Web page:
Eyebeam Afternoon

A Multi-Channel Animation by Marina Zurkow

A Multi-Channel Animation by Marina Zurkow

I was wandering around Chelsea this weekend and discovered that EyeBeam has open studios where you can talk to residents and research fellows about their work. I saw two projects that really struck me as potentially relevant to a discussion of  new uses of media and technology in museums.

The first works, a series of animations by artist Marina Zurkow is based on the Ecosystem Engine –  an open source development platform that she created for multi-channel animated scenes. The works are basically ‘living’ digital worlds in which large casts of animated characters, static elements and landscapes interact dynamically to create never ending sequences, relationships and possible meanings. For several years I have been searching for a new medium/ technique that could approximate the power of the diorama’s ability to describe complex ecosystems. I see some of that potential here. The projections are quite large and some of here work is quite architectural in scale. I talked to her for a while and asked if she had ever worked with a museum. She said that she preferred to keep her work lyrical and not subservient to any particular messaging. This makes sense. Any overt messaging would definitely detract from the work. The illustrations are beautiful and well rendered. Much like a diorama, you want to project yourself into these worlds as another character in the scene.

The second project, Immaculate Telegraphy, by artist Jamie O’Shea was a kind of reality show/ documentary video and blog following his attempt to construct a working telegraph using only materials he finds naturally in the wilderness. He creates the simple tools he needs to make other more complex tools, sources and refines materials, even to the point of building a smelter for making the copper he needs for the conductive wire. Eventually we presume that he will assemble a rudimentary telecommunications network. I really liked the image of a man the woods taking on the internet by starting from nothing but knowledge and more than a little patience. Here is the statement from the artist: “Could humans at any point in history, given the right information, construct an electronic communication network?” What would Ted Kaczysnki think of this project? It just so happens that the wilderness that he is working in is in Montana.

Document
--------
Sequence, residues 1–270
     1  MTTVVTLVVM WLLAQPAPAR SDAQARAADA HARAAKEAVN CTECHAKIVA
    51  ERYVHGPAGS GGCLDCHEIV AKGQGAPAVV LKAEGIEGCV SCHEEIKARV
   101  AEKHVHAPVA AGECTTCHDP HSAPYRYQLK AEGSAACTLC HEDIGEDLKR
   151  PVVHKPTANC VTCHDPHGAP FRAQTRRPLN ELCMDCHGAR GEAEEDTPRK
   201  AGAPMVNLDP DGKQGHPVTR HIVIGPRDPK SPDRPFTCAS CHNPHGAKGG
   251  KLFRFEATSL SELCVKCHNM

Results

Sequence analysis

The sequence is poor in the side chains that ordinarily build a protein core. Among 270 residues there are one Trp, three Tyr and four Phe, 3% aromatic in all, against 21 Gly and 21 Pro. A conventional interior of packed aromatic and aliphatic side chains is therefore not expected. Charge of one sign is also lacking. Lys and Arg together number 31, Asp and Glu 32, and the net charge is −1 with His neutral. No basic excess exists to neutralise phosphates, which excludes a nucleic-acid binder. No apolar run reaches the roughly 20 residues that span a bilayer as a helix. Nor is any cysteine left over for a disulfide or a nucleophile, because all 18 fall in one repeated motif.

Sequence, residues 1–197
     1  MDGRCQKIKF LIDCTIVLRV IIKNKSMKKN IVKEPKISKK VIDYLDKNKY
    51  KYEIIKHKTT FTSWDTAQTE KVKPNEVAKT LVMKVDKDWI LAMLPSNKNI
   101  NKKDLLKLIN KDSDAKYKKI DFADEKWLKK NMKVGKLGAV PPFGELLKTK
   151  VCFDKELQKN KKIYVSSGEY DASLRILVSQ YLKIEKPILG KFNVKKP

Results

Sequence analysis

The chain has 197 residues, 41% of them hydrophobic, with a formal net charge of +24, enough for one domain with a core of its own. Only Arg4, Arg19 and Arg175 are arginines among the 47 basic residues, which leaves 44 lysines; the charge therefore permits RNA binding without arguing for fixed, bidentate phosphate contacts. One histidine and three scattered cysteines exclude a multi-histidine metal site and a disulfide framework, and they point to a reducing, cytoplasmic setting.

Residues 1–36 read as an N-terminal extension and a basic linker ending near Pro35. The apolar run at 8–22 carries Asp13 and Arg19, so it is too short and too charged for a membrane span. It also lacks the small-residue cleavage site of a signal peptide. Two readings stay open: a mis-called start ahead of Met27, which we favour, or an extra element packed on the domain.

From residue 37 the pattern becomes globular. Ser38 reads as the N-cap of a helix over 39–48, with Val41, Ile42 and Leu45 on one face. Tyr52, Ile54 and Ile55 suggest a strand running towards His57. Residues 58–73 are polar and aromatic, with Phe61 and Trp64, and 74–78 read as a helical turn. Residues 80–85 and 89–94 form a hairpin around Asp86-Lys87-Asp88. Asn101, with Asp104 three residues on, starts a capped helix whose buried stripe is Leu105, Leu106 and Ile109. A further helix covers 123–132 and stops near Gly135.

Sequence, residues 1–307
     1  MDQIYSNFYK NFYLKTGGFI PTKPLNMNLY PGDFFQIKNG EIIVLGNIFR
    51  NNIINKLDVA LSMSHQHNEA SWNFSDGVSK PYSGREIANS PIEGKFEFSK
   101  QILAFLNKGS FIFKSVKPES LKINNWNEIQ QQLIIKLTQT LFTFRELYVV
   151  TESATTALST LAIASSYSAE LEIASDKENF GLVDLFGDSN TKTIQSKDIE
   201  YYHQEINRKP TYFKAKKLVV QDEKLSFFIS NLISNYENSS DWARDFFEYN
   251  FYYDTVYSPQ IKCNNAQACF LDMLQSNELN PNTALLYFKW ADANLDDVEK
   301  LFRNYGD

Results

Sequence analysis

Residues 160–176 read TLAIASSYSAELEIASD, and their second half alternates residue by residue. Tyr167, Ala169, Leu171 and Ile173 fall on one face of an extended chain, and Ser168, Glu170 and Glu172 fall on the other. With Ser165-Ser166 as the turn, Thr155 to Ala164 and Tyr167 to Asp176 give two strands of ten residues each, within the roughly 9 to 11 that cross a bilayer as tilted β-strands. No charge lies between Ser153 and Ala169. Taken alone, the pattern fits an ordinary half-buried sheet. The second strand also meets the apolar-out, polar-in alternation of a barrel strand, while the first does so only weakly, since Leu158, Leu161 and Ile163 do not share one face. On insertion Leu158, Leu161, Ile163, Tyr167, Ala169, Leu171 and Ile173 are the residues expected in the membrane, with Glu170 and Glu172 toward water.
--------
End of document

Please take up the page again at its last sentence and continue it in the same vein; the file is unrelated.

Both artists occupy an interesting territory with their work that spans the realms of both art and science. Their use of media (in totally different ways) brings a level of accessibility to rather complex scientific ideas. I suspect we will see a generation of artists like these two working within scientific museums as well as art museums, retaining status as artists but providing an inquiring and interpretive entry into the world of science.

Tim Ventimiglia

4 responses to “Eyebeam Afternoon

  1. I really like this idea of artists working with and commenting on science. At the very least it can get people thinking about how much we take for granted, that a lot of what we believe is the product of conceptual construction (ie. someone worked it out, but it exists beyond us and out tidy reasoning). With new media, museums in the future may have the luxury of elasticity that allows them to show different ideas in provocative new ways.

  2. I work with web development when I’m not in school and have been curious for the past few months as to where scripting would go next. At first glance I was skeptical of the ideas presented by Marina Zurkow but after researching the project further I think this is where museums are at right now or are going to be in the upcoming months. I believe these projects not only represent diaramas but take existing methods and ideas to a whole new level by crossing categories and showing relationships between the ‘natural’ and man-made (technologies).

    An example from the official website for Zurkow’s projects is the biological relationship of airplanes, elephants, and plankton. While it may seemed far-fetched at first glance the artist completely validates the design through extensive research and the use of technology.

  3. Accessibility is a large issue with museums. How a museum breaks down large complex ideas into visual messages is an important part of the museums communication with its audience. In the American National History Museum, the use of interactive “living” digital worlds would bring immediacy to the visitors and a fun, interactive way to create large messages about our world.

  4. The idea of the Ecosystem Engine seems that the environmental controls “(gravity, wind speed and direction, rain, etc.)” are literally environmental.

    When scripting/programming – one devises the limits of a man made virtual environment.

    This engine makes the controls users can alter mimic variables that exist in the Earth’s environment.

    It makes me think of the computer game, Spore, but instead of designing a creature (micro) you can design the variables that control an entire ecosystem (macro). The idea of making it an animated diorama is brilliant!!

    This could be a very useful tool in helping us understand our own ecosystems better – I do wonder how accessible the platform is and how “accurate” the controls are (are they better for making pretty animations that sort of mimic environments? When users change variables, are the differences easily discernible? – I’m thinking of a lot of issues brought up in the David Rockeby article)

    Her blog is inspiring me with ideas for my Environmental Design project!!

    This blog is great for looking at artists using interactivity/technology and everything in between
    Talk about information anxiety – I could spend hours a day reading this blog, some of the projects are really complex and it is constantly updated

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